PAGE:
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Lead Acid vs Lithium Batteries. Which Should You Choose?
If your home is off-grid or you need backup power in case of a blackout, you will need batteries.
But with so many options, which is the best solar battery and why? In this post, we compare lead-acid versus lithium batteries. To keep things simple, we’ll compare them using four measures.
- How much energy can the battery hold?
- How much maintenance does the battery require?
- How much does the battery cost?
- What’s the lifespan of the battery?
We use lithium batteries in everything from electric cars to power tools. Lithium has several advantages over other types of batteries, including lead-acid.
With a lifespan of 10 years or more, a lithium battery lasts at least twice as long as a standard lead-acid battery. It also doesn’t need maintenance like lead-acid batteries, which require an equalizing charge and monitoring to ensure the batteries don’t dry out.
Lithium is, however, more expensive. You can expect to pay up to 60% more for lithium than you would for lead-acid.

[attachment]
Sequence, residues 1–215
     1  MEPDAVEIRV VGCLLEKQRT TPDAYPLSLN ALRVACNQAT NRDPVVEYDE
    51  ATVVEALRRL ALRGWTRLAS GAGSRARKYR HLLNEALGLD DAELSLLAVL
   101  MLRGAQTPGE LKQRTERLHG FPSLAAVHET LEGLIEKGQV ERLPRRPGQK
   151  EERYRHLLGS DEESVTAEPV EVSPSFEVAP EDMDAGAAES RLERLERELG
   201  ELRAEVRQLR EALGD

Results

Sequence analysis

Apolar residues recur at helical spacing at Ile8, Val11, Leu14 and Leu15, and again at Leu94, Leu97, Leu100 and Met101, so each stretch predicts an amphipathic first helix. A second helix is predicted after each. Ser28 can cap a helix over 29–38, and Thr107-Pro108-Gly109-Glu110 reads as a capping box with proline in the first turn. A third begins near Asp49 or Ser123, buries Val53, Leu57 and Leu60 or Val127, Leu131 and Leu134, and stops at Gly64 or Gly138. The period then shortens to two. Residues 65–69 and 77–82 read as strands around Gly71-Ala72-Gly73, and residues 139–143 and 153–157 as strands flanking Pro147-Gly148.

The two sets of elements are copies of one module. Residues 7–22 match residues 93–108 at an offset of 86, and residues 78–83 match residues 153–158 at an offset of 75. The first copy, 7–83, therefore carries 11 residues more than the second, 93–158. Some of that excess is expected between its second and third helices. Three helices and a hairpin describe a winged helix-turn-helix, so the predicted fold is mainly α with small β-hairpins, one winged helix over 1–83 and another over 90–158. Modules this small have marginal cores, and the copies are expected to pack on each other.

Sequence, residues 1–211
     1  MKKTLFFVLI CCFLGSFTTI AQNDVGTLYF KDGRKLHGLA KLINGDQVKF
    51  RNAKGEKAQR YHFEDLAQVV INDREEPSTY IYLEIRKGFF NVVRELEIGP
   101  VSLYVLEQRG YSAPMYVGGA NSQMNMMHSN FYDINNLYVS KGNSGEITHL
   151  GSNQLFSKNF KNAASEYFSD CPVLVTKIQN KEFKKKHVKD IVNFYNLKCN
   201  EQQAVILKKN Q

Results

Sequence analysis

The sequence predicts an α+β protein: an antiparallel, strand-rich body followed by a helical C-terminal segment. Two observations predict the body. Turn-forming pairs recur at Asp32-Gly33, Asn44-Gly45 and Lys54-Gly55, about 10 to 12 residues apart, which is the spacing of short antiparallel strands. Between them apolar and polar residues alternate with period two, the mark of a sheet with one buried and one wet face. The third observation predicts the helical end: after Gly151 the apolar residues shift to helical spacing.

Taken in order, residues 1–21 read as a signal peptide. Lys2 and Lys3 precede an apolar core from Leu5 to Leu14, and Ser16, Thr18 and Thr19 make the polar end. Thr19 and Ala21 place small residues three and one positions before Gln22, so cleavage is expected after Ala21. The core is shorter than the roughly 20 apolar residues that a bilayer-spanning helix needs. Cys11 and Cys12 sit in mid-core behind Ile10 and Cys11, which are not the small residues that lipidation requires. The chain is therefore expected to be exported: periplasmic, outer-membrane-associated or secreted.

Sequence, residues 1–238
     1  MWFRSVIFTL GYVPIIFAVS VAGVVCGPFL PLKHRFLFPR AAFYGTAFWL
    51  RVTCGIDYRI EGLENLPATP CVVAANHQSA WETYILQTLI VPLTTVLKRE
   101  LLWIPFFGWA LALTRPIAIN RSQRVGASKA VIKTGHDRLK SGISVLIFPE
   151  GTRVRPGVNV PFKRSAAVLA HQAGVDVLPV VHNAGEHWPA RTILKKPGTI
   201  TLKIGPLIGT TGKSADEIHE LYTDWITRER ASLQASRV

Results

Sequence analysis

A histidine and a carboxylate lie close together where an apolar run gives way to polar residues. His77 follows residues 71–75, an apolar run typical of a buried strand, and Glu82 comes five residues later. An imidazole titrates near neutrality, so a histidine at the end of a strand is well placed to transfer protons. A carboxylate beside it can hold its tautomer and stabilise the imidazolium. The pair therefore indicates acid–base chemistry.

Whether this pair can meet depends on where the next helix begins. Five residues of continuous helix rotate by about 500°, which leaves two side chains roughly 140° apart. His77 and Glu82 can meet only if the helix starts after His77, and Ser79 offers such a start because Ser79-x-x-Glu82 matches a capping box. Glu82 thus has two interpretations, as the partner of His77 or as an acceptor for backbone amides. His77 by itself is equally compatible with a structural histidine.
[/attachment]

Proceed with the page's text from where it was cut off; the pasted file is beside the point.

Batteries have a depth of discharge. This is how much of the batteries total energy (capacity) you can safely use. All batteries have a maximum limit of energy you can use before you need to recharge them. Exceeding this limit reduces the batteries lifespan.
The depth of discharge for lithium solar batteries is 80%. That means you can use 80% of the battery’s total energy capacity. For example, if you have a 100Ah battery you can use 80Ah before you risk damaging the battery.
The depth of discharge for a lead-acid battery is 50%.
Lithium batteries are over 95% efficient. This means they can use 95% of the energy they store. If you have 100 watts coming into a battery, you have 95 watts available to use.
Batteries with higher efficiency charge faster. Lithium batteries can take a faster rate of current which means they charge quicker than lead-acid which overheats if you charge them too quickly.
Faster charging becomes critical in winter or overcast days when days are shorter and peak sunlight hours are fewer.
Lead-acid batteries are 80-85% efficient.
Lithium batteries can fit more energy into less volume and weight. This makes them smaller and lighter than lead-acid. Thus, they have a higher energy density.
A higher cell voltage (3.6 Volts) gives them a larger energy density than lead-acid (2 Volts). Because of its higher energy density, a lithium battery bank can be half the size and up to a third lighter than lead-acid.
This is especially useful if you need to fit your batteries into a tighter space or you’re planning to use the batteries in a boat or campervan.
Advantages of lithium batteries
The pros of a lithium battery include:
- Longer lifespan.
- Smaller and lighter than lead-acid.
- No maintenance needed.
- No toxic lead.
- Charge quicker.
The cons of a lithium battery are:
- Up to 60% more expensive.
- Consistently high temperatures can reduce the battery’s capacity.